Hampi is an ancient village with unearthly landscape reminding us an old animation called “The Flintstones” situated in the south Indian state of Karnataka. Stacks of giant boulders scattered over kilometers of choppy terrain with their rusty shades complemented with green palm groves, paddy fields and banana plantations. The whole city is dotted with numerous magnificent temple ruins from the Vijayanangara Empire. Ancient structures here are detailed, some of them abandoned, yet astonishing! Hampi attracts many travelers who have been enjoying this place for centuries and we were not an exception!

People usually stays in the heart of Hampi – its Bazaar – a village stuffed with budget accommodation options, shops and restaurants. Nearby you will find 7th century Virupaksha Temple, which for most people is the main city’s attraction. A carved stone chariot stands in front of the huge Vittala Temple site. In addition to amazing palace ruins, we managed to see our first elephant stables ever! As well as many other great sights around the city, and everything within walking distance for some while for others easily accessible by local Tuk Tuk. However, while it is possible to see this World Heritage Site in a day or two, plan on exploring it for longer, feel the atmosphere communicating with locals – feel Hampi’s rhythm!

Helpful tips

Restaurants. After traveling through India, we gathered experience and tips from locals which we want to share with everyone who will be reading this. If you come to India for a short period of time it is good to know that here certain bacteria are in almost every food, water and even air which can put you to bed for couple days if you have too much of it. To adapt to it, your body needs time and small amounts of the bacteria.

First, it is better to avoid eating too much of street food as it contains quite a lot of bacteria even though it is so cheap. We do not say that you should not eat street food at all, just keep it small quantities at a time. If you cannot wait to try and eat all sorts of street food just try it little by little and not everything on one go.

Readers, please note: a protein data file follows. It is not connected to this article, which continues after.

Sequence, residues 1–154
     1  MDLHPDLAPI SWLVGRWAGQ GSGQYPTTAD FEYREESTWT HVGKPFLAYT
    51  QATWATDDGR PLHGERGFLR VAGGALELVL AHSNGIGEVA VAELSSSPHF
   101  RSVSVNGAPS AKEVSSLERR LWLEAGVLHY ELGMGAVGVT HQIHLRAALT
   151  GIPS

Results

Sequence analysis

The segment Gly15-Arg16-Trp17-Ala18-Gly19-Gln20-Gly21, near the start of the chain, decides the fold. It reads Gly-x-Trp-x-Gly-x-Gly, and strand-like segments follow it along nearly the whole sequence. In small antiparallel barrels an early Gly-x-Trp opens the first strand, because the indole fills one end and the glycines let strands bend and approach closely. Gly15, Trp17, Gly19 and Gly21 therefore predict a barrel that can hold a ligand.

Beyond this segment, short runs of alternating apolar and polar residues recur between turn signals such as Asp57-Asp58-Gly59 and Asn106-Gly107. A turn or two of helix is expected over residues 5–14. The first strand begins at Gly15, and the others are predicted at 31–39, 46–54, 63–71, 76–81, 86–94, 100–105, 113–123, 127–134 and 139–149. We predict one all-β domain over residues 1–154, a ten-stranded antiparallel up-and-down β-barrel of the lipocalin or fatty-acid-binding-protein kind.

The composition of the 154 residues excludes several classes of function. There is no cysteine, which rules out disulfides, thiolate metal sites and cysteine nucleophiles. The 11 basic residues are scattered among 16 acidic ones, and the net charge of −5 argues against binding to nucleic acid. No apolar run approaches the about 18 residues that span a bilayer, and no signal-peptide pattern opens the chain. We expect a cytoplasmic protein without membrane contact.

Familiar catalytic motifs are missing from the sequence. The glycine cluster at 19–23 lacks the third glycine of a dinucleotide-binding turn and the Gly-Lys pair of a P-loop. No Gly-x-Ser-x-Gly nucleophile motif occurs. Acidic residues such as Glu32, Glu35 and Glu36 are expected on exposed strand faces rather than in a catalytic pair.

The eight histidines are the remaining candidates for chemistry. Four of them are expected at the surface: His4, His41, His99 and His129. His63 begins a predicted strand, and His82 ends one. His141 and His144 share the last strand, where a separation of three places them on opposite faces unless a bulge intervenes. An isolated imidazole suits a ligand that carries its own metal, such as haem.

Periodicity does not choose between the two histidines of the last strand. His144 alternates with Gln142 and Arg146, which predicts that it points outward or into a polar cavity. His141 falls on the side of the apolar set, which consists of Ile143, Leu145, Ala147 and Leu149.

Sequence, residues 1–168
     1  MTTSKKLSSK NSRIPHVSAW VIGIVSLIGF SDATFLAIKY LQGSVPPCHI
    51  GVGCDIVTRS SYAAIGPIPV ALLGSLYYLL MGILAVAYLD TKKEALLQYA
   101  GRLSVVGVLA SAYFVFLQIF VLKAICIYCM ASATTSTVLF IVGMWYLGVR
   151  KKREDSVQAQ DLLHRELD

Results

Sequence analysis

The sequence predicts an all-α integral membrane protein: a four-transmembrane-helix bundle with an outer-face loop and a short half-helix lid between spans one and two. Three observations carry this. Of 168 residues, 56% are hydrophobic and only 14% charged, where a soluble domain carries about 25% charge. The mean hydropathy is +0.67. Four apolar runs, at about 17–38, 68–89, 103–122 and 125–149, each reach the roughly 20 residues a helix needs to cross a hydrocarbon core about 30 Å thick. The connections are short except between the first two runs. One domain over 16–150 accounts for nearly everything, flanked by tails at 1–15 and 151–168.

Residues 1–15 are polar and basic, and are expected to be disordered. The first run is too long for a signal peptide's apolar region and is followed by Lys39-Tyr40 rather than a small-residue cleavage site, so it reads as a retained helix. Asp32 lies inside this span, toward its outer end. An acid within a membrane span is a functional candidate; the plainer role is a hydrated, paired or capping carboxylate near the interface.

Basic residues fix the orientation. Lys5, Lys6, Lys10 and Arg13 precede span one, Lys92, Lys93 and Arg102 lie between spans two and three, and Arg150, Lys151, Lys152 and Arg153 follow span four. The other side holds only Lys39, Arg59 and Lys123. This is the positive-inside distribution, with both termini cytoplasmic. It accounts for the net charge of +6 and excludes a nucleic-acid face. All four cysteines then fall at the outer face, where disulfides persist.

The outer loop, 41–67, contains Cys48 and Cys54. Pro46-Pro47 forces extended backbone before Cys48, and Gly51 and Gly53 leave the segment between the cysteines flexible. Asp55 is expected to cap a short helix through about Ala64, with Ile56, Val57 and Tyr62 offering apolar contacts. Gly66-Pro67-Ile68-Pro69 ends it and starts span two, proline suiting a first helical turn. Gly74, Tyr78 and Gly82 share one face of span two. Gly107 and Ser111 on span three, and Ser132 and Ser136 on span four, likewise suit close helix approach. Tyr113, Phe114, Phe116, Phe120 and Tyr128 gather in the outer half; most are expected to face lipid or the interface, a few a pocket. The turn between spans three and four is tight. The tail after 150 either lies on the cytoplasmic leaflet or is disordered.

Second, when choosing a place where to eat, pay attention to other travelers’ reviews of the place. It is very important how the people from abroad felt about the food rather than locals.

Third, if there are any doubts regarding the hygiene of the place, we encourage to eat vegetables and avoid meat dishes.

We are well aware that everyone is different, and you feel your body the best. So, do what you want to do and keep in mind that these recommendations worked for us, we did not get sick while in India even for a day.

Markets. Prices in grocery shops are the same as through whole India, prices are printed on the packages, thus, you never need to wonder whether someone is taking advantage of you.

We would advise against drinking tap water in whole India, especially if you come just for a short time (couple weeks) as your body needs time to adjust to certain bacteria which is everywhere and taking too much of it at the same time can put you bed for couple days. Even though in some sources you could find that water is safe to drink, or that filtered water is alright we suggest to double check with your host or locals before you do that. We did not risk it too much, especially in the beginning of the trip, however, we did drink quite a lot of filtered water which was kind of alright just had a bad taste in most places.

Transportation. To get to Hampi you can use plane, bus, train, bike or car. As it is a small village it does not have great accessibility directly neither with trains, nor planes. However, you can take a train to nearby town Hospete or a direct daily flight to Jindal Vijaynagar Airport, 35km south of the ruins, mean that Hampi has never been more accessible.

In the city it is common to use public transportation Tuk Tuk’s which are the fastest way to get around the city. Tuk Tuk’s are a quick and cheap option where you must bargain though. Most of the time we walked as it helped to get to know the city and see not only the touristic places and we recommend you do the same if you have a chance.

Best of luck planning your holidays in India!

Is there anything else you would like to visit while in India?

If you have anything in mind, please let us know and let’s discuss it.

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